Ms Rehman also reminded the Americans that terrorists could not be defeated with drones alone. “It’s not a very good idea… is a breach of international laws … and brings only diminishing returns for the United States.”

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Comments (11) (Closed)

Feb 27, 2013 06:36pm
With all respect to Afghan people, but oh for Gods sake, please put up a barrier between Pakistan and Afghanistan, the Afghans have taken over everything useful in the country, business, transport, hotels, restaurants, labor, houses, everything is being taken by them, they own luxury houses in Islamabad thanks to corrupt officials getting them Pakistani ID cards while our own people suffer, these Afghans get help from UN and NGOs and relatives in the West, no one is helping poor Pakistanis in their own country, please travel to interior Sindh, Punjab or Balochistan....our own people are neglected. Please evict the Afghans, their values are not the same as ours, our culture is different, they are mostly vagabonds and criminals, who can commit a crime and hide in Afghanistan, I hope you allow my post to be published because I love Pakistan and cry when I see what Karachi has become, you cannot tell when you are living in Pakistan, but only when you visit from abroad, I live in the US and I can tell you Afghans hate Pakistan more than Indians.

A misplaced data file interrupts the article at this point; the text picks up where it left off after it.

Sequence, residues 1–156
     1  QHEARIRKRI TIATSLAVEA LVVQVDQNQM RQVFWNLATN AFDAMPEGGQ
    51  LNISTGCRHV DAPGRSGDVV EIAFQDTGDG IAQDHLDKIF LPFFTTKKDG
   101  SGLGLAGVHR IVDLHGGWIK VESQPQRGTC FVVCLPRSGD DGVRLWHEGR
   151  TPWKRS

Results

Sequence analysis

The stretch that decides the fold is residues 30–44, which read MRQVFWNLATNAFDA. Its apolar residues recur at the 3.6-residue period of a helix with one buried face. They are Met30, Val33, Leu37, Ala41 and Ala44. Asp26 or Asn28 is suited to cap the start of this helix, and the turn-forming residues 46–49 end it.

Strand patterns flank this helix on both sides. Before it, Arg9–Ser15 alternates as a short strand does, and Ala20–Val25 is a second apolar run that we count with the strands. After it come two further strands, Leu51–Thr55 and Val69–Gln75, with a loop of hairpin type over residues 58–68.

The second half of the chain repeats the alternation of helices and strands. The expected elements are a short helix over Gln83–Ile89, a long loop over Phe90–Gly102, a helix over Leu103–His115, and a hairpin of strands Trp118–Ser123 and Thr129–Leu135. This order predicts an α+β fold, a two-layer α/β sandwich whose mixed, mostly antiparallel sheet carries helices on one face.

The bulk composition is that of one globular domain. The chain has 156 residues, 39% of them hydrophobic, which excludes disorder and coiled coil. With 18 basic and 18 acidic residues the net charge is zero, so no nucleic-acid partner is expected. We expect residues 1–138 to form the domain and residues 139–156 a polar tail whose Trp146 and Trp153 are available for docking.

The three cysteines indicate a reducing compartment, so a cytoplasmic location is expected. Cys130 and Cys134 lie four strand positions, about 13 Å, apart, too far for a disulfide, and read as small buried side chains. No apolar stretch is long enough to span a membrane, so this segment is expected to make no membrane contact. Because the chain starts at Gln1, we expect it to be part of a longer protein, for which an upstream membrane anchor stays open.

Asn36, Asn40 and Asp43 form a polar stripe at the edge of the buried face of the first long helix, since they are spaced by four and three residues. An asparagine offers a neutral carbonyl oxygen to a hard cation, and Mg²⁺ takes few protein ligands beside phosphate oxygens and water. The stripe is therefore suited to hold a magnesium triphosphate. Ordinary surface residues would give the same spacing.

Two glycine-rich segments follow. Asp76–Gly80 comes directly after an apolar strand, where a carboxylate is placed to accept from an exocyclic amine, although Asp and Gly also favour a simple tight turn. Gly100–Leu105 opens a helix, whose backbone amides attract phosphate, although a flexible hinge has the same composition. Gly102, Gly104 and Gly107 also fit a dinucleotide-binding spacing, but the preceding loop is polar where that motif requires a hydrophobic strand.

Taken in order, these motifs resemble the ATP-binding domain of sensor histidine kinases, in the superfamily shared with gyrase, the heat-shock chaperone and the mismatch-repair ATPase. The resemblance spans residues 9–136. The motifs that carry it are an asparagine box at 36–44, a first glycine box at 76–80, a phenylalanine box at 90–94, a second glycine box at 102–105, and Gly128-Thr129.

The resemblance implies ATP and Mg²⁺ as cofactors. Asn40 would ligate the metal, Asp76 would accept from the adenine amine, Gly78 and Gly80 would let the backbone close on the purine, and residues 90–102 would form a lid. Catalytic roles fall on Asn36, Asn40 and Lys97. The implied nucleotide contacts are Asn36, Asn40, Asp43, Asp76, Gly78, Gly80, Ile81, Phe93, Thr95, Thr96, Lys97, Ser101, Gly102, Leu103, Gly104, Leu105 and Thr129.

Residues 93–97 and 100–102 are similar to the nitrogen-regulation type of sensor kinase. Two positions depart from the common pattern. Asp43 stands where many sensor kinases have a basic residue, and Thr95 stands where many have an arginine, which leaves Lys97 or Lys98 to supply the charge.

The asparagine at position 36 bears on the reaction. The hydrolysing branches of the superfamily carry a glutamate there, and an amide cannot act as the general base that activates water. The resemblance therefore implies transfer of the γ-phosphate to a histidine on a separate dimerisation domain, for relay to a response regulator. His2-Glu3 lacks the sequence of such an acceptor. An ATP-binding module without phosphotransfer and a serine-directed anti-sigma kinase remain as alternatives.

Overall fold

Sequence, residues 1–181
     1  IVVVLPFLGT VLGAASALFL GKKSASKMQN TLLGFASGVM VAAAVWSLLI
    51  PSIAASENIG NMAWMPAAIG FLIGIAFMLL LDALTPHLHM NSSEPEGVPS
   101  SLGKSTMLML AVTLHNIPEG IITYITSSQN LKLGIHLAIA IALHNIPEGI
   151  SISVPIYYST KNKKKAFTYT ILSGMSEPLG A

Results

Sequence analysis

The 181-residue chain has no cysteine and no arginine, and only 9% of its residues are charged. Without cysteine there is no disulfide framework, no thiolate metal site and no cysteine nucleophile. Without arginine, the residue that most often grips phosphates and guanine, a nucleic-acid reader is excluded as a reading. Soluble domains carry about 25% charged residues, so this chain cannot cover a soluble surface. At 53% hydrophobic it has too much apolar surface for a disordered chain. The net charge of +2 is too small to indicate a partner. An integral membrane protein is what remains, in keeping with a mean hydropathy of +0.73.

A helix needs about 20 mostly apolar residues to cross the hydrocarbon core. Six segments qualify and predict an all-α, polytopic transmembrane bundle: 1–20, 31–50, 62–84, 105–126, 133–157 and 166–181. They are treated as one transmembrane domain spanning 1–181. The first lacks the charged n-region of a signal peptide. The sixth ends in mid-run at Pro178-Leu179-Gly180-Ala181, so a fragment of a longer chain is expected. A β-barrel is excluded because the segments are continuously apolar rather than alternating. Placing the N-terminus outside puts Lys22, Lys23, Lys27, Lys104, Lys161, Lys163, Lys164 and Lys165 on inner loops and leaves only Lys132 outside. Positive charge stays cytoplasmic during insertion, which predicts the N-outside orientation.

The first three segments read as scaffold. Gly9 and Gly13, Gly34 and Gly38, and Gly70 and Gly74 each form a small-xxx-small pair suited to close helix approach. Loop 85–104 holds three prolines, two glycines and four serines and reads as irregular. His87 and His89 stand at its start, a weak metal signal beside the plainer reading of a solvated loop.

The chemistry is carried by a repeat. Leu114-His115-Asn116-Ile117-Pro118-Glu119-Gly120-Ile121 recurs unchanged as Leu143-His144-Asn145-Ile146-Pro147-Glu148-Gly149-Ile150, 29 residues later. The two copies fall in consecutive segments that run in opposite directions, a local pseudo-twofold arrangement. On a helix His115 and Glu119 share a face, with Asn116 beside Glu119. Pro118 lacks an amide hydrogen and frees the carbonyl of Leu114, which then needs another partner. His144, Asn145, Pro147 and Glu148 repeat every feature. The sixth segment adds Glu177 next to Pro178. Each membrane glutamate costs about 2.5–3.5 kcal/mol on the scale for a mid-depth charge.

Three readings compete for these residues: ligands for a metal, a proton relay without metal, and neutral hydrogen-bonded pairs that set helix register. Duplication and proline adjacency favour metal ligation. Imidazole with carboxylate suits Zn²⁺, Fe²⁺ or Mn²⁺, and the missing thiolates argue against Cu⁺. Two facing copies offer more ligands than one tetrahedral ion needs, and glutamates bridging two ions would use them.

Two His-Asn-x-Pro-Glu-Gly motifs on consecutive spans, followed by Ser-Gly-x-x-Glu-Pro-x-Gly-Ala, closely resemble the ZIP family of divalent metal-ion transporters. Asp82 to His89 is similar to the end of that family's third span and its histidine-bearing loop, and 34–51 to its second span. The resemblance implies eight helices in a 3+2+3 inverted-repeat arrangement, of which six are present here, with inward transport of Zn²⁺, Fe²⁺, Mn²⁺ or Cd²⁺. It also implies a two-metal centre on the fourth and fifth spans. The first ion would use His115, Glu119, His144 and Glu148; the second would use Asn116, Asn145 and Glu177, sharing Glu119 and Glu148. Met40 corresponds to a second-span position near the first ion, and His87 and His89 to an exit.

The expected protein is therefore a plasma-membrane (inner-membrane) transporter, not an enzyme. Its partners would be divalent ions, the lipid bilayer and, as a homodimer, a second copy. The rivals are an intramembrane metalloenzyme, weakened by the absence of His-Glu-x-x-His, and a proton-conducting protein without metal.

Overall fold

Jamshed Khan
Feb 27, 2013 07:20am
Too much make-up.
Feb 27, 2013 06:09am
She needs to go slow on the make up. Embarrassing for us in the US.
Feb 27, 2013 06:37pm
amazing, she is talking about such a important topic and all you can comment on is her makeup? The mods allow that, but sometimes my fair comments are not posted....this shows where Pakistan is headed. So sad.....
Feb 27, 2013 06:11am
Bravo Sherry! I love the way you carry Pakistan with pride and not shame (like most of our politicians do). Be intrepid as you are, and say what's true. And the truth is that we've been exploited by these power hungry super powers, for their vested interests.
Naseer Wahid
Feb 27, 2013 06:01am
Excellent. Very well said. My hat's off to Sherry Rehman.
Feb 27, 2013 03:40am
Very well said. Amb. Rehman making lot of sense.
sultan pervez
Feb 27, 2013 01:06pm
Pakistan and Afghanistan are historically brothers,Unfortunately the difference was brought about with the fall of the Mougals some three hundred years ago in India. This gap left Afghanistan far behind in education and social standards.These guys have not caught up with the modern standards and will not do so without the help of Pakistan. There is the trust but little understanding of today. Good news is that both of them are learning fast and both governments are wasting no time in bringing about education in every street as a matter of priority so that an understanding and trust between the two brotherly neighbours may be maintained.
Feb 27, 2013 10:35pm
She's speaking now...??? I listed out these threads six months back just after US troops withdrawal announcement by Dec 2014...
Feb 27, 2013 10:39pm
I desired to check who 1st like your comment. By hitting, it counts 2 ... :-(
Jamshed Khan
Feb 28, 2013 03:58pm
I am not surprised that an intelligent Dawn reader didn't get my point.